there is anything such as a "Christian" nation, or can be? You don't believe the nations are called to follow Christ? You don't believe Christ when he was questioned by a soldier and told him simply not to rob by force? The apostle who said the powers that be are ordained by God? That the nation that follows God will be blessed and the ones that don't will be cursed? That all nations one day will stand before God to be judged? That it's taught that one day all nations will bow before Him? Do you believe a nation should accept something less than what God teaches a nation to be?

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I won't argue with the Scriptural allusions
by Bill Osler / June 17, 2010 12:13 PM PDT
In reply to: You don't believe

I do disagree with your apparent interpretations of what those things mean and their relevance to secular society.

Simply put: No, I do not believe that the US is a Christian nation or that the US has any special standing before God. I doubt that any truly Christian society is possible this side of the millenial Kingdom. I believe that we should try to create a just society but that our attempts will be flawed and ultimately unsuccessful because of man's fallen nature. I also believe that secular power is inherently corrupt and that attempts to join secular power to the Church will inevitably corrupt the Church.

But you will have to excuse me if I don't want to start proof-texting right now.

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Some think this has already happened
by Steven Haninger / June 17, 2010 7:26 PM PDT

From your post

"I also believe that secular power is inherently corrupt and that attempts to join secular power to the Church will inevitably corrupt the Church."

If my reading is correct, the concept of "Divine Right of Kings" combined with, at times, poor leadership and discipline at within the early church corrupted both the religious and secular sides. Perhaps, were it not for a few within the Christian faith who did (or attempted to) stand firm in what they believed to be true, Christianity might have evaporated. But, that such would happen, was already said and written...just not in detail.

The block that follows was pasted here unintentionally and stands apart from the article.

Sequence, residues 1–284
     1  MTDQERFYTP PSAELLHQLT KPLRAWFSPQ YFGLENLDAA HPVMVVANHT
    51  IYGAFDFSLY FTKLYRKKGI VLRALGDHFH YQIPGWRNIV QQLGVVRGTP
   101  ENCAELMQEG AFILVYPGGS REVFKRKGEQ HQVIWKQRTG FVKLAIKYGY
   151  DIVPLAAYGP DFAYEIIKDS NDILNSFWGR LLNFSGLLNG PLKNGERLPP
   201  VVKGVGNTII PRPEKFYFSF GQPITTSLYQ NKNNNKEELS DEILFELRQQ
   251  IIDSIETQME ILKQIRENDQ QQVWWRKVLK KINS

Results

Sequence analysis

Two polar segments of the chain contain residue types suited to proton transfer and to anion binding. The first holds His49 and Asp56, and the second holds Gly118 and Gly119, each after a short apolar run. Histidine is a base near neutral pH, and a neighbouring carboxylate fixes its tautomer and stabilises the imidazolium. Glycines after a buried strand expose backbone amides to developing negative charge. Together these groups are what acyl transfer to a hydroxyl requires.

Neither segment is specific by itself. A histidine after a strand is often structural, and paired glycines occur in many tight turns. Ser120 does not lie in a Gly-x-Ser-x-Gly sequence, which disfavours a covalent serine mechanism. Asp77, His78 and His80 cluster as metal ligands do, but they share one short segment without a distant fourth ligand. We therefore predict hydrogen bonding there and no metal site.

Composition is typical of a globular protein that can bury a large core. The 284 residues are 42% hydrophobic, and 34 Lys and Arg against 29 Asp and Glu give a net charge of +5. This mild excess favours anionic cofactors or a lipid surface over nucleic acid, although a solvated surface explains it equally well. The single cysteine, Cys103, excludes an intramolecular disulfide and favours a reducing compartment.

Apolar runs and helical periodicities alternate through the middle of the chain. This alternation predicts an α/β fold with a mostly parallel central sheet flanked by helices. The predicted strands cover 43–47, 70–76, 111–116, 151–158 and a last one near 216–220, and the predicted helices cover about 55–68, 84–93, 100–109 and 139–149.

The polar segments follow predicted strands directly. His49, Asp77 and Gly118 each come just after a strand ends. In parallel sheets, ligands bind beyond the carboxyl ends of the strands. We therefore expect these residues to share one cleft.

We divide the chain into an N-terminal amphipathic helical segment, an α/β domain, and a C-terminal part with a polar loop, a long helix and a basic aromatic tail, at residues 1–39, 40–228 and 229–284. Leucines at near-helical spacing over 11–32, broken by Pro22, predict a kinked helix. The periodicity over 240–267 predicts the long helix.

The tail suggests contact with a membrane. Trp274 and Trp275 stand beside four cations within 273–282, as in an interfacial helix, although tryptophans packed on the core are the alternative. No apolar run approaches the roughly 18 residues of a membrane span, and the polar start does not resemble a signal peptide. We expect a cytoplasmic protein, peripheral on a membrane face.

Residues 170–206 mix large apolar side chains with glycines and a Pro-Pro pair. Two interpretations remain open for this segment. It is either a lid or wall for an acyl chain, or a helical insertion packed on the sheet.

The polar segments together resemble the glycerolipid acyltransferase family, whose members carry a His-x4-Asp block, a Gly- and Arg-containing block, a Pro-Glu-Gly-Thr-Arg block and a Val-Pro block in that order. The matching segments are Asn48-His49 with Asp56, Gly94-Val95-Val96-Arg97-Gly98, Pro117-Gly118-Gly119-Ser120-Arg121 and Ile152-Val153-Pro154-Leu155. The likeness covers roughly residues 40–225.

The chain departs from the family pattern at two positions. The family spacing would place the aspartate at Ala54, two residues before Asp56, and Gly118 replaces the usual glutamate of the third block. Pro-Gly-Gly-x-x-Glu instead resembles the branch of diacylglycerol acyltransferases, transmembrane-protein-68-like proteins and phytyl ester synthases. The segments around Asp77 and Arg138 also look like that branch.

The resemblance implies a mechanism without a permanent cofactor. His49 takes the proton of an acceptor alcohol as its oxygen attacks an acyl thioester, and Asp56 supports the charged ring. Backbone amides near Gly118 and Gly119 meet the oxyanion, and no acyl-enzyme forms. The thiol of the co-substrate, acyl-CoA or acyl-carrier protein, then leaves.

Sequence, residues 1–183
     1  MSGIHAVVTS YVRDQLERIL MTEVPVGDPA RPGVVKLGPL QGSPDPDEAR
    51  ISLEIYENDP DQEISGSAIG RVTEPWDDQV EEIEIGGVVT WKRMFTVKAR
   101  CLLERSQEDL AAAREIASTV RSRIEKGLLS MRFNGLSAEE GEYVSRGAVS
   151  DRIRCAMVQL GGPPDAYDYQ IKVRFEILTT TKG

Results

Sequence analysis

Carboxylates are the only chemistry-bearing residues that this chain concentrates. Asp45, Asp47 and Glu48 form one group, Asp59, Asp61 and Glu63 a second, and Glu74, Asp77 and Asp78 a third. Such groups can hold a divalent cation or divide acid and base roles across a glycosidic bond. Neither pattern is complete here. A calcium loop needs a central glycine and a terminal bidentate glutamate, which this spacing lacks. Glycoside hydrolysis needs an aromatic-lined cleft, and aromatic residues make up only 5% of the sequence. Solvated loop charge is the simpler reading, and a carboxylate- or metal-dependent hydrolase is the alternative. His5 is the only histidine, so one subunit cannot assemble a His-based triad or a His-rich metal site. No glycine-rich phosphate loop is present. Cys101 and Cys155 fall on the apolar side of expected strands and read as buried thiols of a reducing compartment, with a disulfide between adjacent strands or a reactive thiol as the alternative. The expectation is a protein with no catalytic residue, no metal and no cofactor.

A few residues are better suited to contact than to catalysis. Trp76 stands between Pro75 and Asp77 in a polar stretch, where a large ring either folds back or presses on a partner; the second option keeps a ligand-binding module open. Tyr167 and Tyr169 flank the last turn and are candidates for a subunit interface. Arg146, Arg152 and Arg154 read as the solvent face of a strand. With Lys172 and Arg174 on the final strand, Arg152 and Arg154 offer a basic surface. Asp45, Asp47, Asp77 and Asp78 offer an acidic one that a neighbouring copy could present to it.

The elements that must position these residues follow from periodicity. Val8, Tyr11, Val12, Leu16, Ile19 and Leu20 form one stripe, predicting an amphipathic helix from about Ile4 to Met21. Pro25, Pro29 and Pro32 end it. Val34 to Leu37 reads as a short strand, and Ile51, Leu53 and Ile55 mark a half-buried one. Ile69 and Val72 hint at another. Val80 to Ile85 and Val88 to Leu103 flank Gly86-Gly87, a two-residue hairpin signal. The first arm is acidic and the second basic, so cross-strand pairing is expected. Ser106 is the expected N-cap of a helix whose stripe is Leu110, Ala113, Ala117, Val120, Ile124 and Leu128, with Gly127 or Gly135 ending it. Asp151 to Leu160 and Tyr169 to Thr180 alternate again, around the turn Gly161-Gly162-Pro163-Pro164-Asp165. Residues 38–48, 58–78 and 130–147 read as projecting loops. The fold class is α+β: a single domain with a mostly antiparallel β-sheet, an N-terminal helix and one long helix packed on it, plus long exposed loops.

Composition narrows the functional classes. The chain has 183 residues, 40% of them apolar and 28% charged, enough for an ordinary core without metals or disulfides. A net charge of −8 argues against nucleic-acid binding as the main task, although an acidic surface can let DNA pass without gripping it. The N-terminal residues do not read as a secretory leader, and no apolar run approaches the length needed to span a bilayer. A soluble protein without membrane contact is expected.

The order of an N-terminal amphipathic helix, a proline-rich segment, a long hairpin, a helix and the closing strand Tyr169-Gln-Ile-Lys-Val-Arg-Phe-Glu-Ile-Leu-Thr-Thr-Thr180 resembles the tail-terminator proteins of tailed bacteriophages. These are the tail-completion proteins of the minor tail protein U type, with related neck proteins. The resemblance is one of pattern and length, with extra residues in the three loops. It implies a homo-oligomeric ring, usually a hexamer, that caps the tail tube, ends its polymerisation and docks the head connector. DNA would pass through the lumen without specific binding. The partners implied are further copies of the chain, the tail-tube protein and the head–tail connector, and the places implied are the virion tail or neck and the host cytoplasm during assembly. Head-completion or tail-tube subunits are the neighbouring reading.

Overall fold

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So many nations, each one with its own view of God's
by drpruner / June 25, 2010 5:51 AM PDT
In reply to: You don't believe

requirements.

The one "national" reference we stick to - and wait hopefully for - is Dan 2:44.

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I wasn't looking for a bashee -
by drpruner / June 25, 2010 5:27 AM PDT
In reply to: Nope. It was G.W.B.

but I always like to know source and context.
I agree it's an 'equal opportunity opportunity', esp in times of war.

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The odds are that this will be lost in the collection
by Ziks511 / June 26, 2010 6:12 AM PDT

of posts here, but here goes anyway.

Standing the Founding Fathers on Their Heads
http://www.religion-online.org/showarticle.asp?title=1682

Our Founding Fathers were not Christians deriving from the text of the 1796 Tripoli Treaty Article XI of which begins "As the government of the United States is not founded in any sense on the Christian Religion..."